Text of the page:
“Everybody is outraged. There is no justice in this.” Tracy Martin, the father of Trayvon Martin
Being a young Black man has been called the hardest job in America. Young Black men are much more likely than white men to be jobless, in jail and labeled “suspicious,” sometimes with deadly consequences. Such was the case on February 26th, when 17-year-old high school student, Trayvon Martin, was shot and killed by a white neighborhood-watch vigilante in Sanford, Florida. The shooter, George Zimmerman, a 28-year-old white Hispanic, noticed Trayvon walking through his gated community and called 911 to report a suspicious person. Instead of following the dispatcher’s instructions and ending his involvement there, Zimmerman continued following Trayvon. An altercation ensued and Trayvon was shot. Zimmerman claimed self defense and has not been charged with a crime. Trayvon’s parents are both heartbroken and outraged. As Benjamin Crump, the family’s lawyer put it, “If Trayvon would have been the triggerman, it’s nothing Trayvon Martin could have said to keep police from arresting him Day 1, Hour 1.”
Of the many unanswered questions in this case, two stand out. First, Trayvon Martin, who had just stopped off at a convenience store, was armed only with a bag of Skittles and a can of ice tea. George Zimmerman, who weighed over 100 pounds more than the victim, was armed with a 9 millimeter handgun. Even if there was a physical altercation between the two, why was such deadly force necessary?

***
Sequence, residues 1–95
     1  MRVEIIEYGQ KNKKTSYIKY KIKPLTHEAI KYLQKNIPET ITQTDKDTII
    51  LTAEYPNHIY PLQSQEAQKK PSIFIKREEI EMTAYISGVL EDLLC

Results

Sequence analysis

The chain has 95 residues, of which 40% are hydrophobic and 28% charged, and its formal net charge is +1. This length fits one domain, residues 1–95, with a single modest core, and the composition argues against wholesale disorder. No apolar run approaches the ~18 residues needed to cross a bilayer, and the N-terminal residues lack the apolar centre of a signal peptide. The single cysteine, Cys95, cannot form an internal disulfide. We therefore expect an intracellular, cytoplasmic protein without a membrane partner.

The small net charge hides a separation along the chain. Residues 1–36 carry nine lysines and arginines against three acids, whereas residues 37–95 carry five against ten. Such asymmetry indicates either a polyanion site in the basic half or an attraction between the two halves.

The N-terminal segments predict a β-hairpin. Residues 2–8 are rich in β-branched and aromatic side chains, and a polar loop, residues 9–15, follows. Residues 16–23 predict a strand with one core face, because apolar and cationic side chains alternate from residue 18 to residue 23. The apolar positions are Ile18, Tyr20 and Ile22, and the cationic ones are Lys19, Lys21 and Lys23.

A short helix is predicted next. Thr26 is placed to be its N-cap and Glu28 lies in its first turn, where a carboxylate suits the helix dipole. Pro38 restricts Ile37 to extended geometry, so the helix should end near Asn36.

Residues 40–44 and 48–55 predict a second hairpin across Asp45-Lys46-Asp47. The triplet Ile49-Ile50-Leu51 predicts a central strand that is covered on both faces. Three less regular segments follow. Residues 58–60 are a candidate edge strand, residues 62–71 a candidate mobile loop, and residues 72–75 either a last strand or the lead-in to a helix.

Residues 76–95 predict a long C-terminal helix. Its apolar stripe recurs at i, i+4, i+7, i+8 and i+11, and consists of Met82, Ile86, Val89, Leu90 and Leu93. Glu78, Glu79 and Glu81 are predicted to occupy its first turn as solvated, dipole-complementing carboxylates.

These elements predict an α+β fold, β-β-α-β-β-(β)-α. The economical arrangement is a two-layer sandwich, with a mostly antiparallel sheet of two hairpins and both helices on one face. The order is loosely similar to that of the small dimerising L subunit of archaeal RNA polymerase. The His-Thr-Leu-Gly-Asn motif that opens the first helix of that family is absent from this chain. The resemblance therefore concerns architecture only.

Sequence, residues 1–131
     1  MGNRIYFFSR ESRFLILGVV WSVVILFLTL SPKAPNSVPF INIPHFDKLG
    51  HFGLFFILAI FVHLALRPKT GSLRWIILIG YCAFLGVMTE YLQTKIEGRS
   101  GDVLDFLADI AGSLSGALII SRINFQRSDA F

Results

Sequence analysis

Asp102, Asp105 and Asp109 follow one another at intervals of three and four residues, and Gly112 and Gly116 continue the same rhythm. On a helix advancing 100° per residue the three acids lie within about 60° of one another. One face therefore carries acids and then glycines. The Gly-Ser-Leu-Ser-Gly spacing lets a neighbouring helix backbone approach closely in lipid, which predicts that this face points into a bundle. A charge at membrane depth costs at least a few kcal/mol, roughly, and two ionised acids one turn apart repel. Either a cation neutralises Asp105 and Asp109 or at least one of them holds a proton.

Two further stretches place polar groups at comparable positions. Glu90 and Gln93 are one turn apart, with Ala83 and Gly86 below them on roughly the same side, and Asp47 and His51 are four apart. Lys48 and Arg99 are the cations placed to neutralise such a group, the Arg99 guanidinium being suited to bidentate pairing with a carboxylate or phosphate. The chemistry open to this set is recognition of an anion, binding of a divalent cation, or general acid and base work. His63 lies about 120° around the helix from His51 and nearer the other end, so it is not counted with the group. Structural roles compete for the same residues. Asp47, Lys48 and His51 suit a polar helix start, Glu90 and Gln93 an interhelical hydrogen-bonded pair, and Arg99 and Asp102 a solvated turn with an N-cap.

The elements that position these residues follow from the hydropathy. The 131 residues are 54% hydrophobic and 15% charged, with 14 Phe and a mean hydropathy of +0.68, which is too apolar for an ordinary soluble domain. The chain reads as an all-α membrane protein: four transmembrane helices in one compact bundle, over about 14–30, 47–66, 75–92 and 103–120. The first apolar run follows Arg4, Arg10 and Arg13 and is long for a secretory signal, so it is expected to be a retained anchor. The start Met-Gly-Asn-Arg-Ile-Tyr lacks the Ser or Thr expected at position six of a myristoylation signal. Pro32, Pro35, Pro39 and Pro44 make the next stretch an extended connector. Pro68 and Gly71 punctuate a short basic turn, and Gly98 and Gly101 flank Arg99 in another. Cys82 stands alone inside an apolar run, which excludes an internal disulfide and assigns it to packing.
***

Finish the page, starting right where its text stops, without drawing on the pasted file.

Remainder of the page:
Second, one of the reasons the police gave for not immediately arresting Zimmerman was that he had a “squeaky clean” record. A few days later it was discovered that Zimmerman had been arrested in 2005 for resisting arrest with battery on a police officer. Trayvon Martin, on the other hand, had no criminal record.
These and other troubling facts have led the Central Florida Urban League and others, to call on the State’s Attorney’s Office and the Department of Justice to conduct an independent investigation. Central Florida Urban League president and CEO, Allie Braswell said, “A private citizen taking law enforcement into his own hands cannot be condoned. If it is found that a crime has been committed, the shooter must be prosecuted to the fullest extent of the law.” This case is now generating national attention and we will be following it closely.
We do not know for sure why George Zimmerman killed Trayvon Martin. But we do know, according to a 2011 College Board report, that 45 percent of African-American high school graduates between the ages of 15 and 24 will end up “unemployed, incarcerated or dead.” We also know that the murder of innocent Black men in the American South is nothing new. Fifty-seven years ago, the white murderers of 14-year-old Emmitt Till in the Mississippi Delta were acquitted of the crime in a clear case of racial injustice.
As the father of a 10-year-old African-American son, I join all African-American parents and Americans of conscience everywhere in calling for an end to the war against young Black men and a thorough investigation of the death of Trayvon Martin. — (NNPA)
Marc H. Morial is the president and CEO of the National Urban League.